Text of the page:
It’s not very often that Congress passes sweeping legislative changes that affect retirement planning in a meaningful way, but that’s exactly what happened when the SECURE Act was signed by President Trump last month. Most provisions of the Setting Every Community Up for Retirement Enhancement (SECURE) Act went into effect January 1, 2020 and includes some notable new rules – many of which may apply to you or a member of your family.
While the list of changes the act encompasses is not exhaustive, below are the key items that are most likely to impact your personal financial plans.
More people are eligible to make IRA contributions
Previously, making contributions to a traditional IRA was not permitted after reaching age 70.5. This legislation allows anyone with earned income (or a spouse with earned income if filing jointly) to make an IRA contribution.
The SECURE Act also allows certain taxable fellowship or stipend payments for graduate students to be treated as earned income in order to qualify for traditional or Roth IRA contributions.
While there are other aspects of the SECURE Act, these changes are the ones most likely to impact your personal financial plan. Your Bartlett advisor is here to help you navigate how SECURE relates to your specific situation. We encourage you to contact us so together we can explore how this new legislation will impact you.
The end of the stretch IRA
For most of our clients, the most impactful rule to come out of this new legislation will be the demise of the stretch IRA. Previously, a beneficiary of an inherited IRA could take distributions from the account over their lifetime. Now, IRAs inherited January 1, 2020 or after must be emptied within ten years of inheritance.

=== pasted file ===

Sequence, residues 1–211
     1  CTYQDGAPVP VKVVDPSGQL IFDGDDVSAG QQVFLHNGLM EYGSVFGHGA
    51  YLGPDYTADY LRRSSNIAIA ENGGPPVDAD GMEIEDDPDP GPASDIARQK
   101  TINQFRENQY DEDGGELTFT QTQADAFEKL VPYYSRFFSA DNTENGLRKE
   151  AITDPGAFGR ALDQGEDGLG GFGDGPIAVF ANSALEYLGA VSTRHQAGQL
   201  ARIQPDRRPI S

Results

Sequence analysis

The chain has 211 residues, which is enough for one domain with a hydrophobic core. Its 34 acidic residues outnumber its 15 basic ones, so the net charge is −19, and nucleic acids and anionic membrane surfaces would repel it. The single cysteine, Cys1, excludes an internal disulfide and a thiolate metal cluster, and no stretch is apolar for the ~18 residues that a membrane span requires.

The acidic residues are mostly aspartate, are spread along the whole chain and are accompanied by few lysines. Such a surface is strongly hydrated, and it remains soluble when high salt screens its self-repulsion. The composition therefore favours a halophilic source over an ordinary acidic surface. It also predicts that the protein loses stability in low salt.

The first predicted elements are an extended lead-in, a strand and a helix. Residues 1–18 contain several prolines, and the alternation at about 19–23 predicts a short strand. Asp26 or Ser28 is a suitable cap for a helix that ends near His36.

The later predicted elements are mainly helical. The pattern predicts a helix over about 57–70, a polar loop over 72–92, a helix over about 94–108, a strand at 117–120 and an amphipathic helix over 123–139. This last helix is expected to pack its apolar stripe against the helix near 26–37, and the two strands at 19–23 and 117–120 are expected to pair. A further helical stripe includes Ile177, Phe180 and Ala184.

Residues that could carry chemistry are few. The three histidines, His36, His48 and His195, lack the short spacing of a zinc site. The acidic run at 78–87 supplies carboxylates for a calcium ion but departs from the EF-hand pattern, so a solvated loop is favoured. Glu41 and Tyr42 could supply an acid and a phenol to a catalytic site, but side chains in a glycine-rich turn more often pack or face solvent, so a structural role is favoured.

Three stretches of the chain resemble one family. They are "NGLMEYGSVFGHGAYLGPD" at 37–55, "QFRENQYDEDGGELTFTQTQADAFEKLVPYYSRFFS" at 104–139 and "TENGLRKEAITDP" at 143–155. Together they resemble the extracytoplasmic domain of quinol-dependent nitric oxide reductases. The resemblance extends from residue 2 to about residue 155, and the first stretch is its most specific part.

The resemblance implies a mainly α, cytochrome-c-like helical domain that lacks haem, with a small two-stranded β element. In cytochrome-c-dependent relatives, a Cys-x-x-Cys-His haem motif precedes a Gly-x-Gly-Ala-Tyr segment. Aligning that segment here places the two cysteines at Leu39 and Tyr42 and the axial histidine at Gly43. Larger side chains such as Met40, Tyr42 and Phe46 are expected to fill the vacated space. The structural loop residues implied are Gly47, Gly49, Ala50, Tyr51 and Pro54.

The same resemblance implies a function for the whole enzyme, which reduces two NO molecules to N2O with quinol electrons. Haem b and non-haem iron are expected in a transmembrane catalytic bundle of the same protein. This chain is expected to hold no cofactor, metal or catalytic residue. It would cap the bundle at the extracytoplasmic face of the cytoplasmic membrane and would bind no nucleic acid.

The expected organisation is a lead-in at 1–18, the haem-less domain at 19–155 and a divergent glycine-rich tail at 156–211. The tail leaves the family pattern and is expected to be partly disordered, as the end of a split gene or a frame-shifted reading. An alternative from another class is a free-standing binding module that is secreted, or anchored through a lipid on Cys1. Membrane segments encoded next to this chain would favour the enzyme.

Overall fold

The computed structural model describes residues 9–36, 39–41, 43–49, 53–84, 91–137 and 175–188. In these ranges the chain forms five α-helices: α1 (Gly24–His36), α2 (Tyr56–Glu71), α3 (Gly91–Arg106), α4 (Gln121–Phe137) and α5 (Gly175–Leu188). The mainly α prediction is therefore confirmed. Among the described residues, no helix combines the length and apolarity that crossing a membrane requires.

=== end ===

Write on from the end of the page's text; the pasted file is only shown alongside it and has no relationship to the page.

This additional income could have broad unintended consequences for the recipient. While the act does not require minimum annual distributions, emptying the account within ten years could force heirs to make withdrawals that push them into higher marginal tax brackets in a given year. Compressed timeframes for annual distributions introduce several other implications, from higher Income-Related Monthly Adjustment Amounts for Medicare Part B premiums for older beneficiaries to FAFSA eligibility for younger ones.
There are a few exceptions to the 10-year rule – known
as “Eligible Designated Beneficiaries.”
- Beneficiaries who are not more than 10 years younger than the account holder
- The disabled and the chronically ill (as defined by the Internal Revenue Code)
- Minor children (of the account owner; grandchildren would not qualify) – but only until they reach the age of majority and then the 10-year rule is in effect
We encourage clients who have created conduit or “see-through” trusts to take advantage of the stretch treatment to revisit their IRA beneficiary designations as soon as possible.
The increase in age for required minimum distributions
Under the provisions of the SECURE Act, the age at which you are required to begin taking required minimum distributions (RMD) from your traditional or rollover IRA has been raised from 70.5 to 72. However, individuals who reached 70.5 before January 1, 2020, and have already begun taking distributions from their IRA will not get a reprieve.
The combination of the end of the stretch IRA and the additional 18 months before being required to take minimum IRA distributions may present a planning opportunity. For clients who have retired but not reached age 72, it may now make sense to convert some of their IRA dollars from traditional or rollover accounts to Roth IRAs at potentially lower marginal tax rates. Though inherited Roth IRAs are still subject to the 10-year rule, there are no income tax consequences to the beneficiary.
Also of note: the age at which you may make a qualified charitable distribution, or QCD, remains unchanged at 70.5, so an individual who has reached 70.5 is eligible to make $100,000 in QCDs each year (and up to $200,000 annually for those filing taxes jointly). This will be a beneficial option for some, as it can lower the balance of your IRA for the calculation of future RMDs. The strategy will likely not make sense for those who have highly appreciated securities they could gift to charity instead, as you are withdrawing dollars before being required to do so, and it is not a tax-deductible charitable contribution.